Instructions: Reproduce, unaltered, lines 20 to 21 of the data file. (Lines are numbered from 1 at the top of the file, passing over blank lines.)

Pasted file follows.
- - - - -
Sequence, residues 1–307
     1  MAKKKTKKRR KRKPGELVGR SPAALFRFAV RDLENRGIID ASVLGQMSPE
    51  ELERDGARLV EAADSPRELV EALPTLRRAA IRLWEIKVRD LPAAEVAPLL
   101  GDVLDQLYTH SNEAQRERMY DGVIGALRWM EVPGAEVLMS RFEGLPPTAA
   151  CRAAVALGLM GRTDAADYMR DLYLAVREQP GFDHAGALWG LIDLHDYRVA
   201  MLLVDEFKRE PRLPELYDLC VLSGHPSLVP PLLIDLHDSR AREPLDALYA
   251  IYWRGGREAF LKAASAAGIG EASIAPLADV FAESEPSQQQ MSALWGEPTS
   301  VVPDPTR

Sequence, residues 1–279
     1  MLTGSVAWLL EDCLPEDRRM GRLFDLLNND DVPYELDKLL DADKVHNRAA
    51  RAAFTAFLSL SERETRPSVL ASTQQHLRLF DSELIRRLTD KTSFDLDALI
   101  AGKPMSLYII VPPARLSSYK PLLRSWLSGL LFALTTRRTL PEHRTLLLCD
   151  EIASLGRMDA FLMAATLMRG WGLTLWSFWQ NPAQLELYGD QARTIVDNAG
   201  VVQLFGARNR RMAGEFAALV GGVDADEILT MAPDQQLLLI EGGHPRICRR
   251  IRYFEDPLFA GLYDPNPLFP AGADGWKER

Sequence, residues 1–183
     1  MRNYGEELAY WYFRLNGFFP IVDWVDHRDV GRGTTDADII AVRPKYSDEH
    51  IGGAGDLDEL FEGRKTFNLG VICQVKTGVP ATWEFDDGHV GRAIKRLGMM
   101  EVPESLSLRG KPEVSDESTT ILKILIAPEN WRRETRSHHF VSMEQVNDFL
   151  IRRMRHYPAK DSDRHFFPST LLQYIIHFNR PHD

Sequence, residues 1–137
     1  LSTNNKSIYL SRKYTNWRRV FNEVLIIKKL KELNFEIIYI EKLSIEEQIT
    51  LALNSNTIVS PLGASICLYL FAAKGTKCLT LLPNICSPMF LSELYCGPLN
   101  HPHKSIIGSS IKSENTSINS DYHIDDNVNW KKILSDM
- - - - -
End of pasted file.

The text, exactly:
   151  IRRMRHYPAK DSDRHFFPST LLQYIIHFNR PHD

Sequence, residues 1–137